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  1. oh my, i'm taken back to my "professional" days of using a dayplanner with all of the organizing tools, etc. i tossed that one out a long time ago :-) thinking about this wonderful line of yours:

    "I want to feed my life with what feeds me, to spend time in those places and activities that are enriching to my soul, and to my one and only life," i realize that my best gage is my gut which could be translated to my body. if i am exhausted - i stop to ask myself why. if i am anxious - same thing. if my body says "go to yoga or on a walk or..." i try really hard to listen. ironically (?) as i am learning to take better care of myself, i find that my care of others is expanding. there is SO much i want to do i have to reign myself in periodically and find that balance is a great word to aspire to.

    today included - a little art, some organizing of supplies, yoga, leaf raking, feeding the washing machine & the cat, facilitating a group in recovery, watching a dvd and a few other various details. it was a bit more spacious day since my spouse is out of town and my daughter is working... it helps balance out those days that have less time for self-care and is more focused on other-centered care...

    rambling? perhaps. i still come back to your line:

    "I want to feed my life with what feeds me, to spend time in those places and activities that are enriching to my soul, and to my one and only life." ...and i try each moment to make the choices to allow that to happen... sometimes, i even succeed :-)


    one more thought: changing my attitude about certain activities like taking out the garbage and sweeping the floor have turned even those mundane things into potential "soul enriching" activities. i thank brother lawrence for introducing me to meditative dish washing!

  2. Hi Lucy,

    I tossed my "scheduler" long ago also, yet, feeling a little crunched last week with the idea of any more volunteer commitments, I decided to take a look at how I'm spending my time. To a working Mom my days would be heaven and for me they are really wonderful. I don't want to mess up a good thing though thinking I can volunteer more at the expense of my writing and painting. It was a good check on my balance.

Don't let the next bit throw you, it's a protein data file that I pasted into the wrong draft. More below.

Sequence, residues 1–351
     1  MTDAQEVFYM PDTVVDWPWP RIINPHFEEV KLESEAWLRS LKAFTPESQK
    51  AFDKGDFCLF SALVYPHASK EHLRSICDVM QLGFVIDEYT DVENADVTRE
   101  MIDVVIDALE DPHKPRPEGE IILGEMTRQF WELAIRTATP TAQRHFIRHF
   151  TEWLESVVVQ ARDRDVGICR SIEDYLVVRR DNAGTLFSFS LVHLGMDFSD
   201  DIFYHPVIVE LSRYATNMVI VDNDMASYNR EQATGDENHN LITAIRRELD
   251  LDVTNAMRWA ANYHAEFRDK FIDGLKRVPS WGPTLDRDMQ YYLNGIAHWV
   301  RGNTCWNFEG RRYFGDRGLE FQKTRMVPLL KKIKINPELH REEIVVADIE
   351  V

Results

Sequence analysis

I so agree that attitude is something at this time in our lives, yours AND mine that we may use to a better advantage than we might have when younger and more pressed.

    I had to slow myself down this afternoon as I was trying out a recipe and realized that I'd left the carrots needed either in my grocery cart or someone else's - started to get in a twit and thought, get a grip, leave out the carrots - luckily it wasn't a carrot cake!:)


  3. I woke up this morning, having gone to bed a bit earlier last night (sleeping with two cats that each want to share your pillow has been a challenge!), fed the kittehs, took out the garbage, and noticed there was frost on the ground and on the windshields. That's a significant omen of winter's coming. Then I took my cup of coffee to my computer and read your post today. I am going to fill out and reflect on my worksheet of hours and see where it takes me.
    I thought, too, of my calligraphy workshop yesterday. I was fretting over my stuckness and, to my mind, lack of imagination. Claire said she did not see it that way and encouraged me to take a walk, set aside sufficient space and time for my calligraphy work at home. Chimes in with your saying you want "to spend time in those places and activities that are enriching to my soul, and to my one and only life."

  4. SS, thanks for these wise words about tuning in when our lives are becoming too full. I have to admit, the listing of my commitments and the number of hours makes my head spin a bit, and I would find it a bit too challenging to even try to quantify some of my creative projects where the number of hours seems to shift with my energy over an idea. My practice strives to be very organic and I am most content and balanced when I have the time to check in with myself about what I need in a given day to feel more whole and energized. And I concur with lucy, when the dishes and other chores become exercises in mindfulness and windows into sacred action, my life feels much free.

  5. Hi Barbara,
    Thanks as always for the comments. I hope the time chart is helpful in seeing places where you're robbing yourself of true enjoyment, creativity, inner peace. I spent a good portion of the afternoon with paint, brushes and glue and feel like I accomplished so much for my inner self. It's something that makes me very does my blogging activity with blogging pals!

  6. Hey Abbey,
    Your list of projects and commitments certainly makes my head swim but you're in the prime, prime of life and your creative energy and creativity is full speed ahead even though it may be on simmer some days with regard to energy. I know you're intent on watching and keeping aware of what feeds you, so it's unlikely you were surprised to read about the tools that I offered in this post. You've made me more and more aware of taking advantage of those activities and persons who really energize me and feed my creativity as well. Thanks again for your comments today.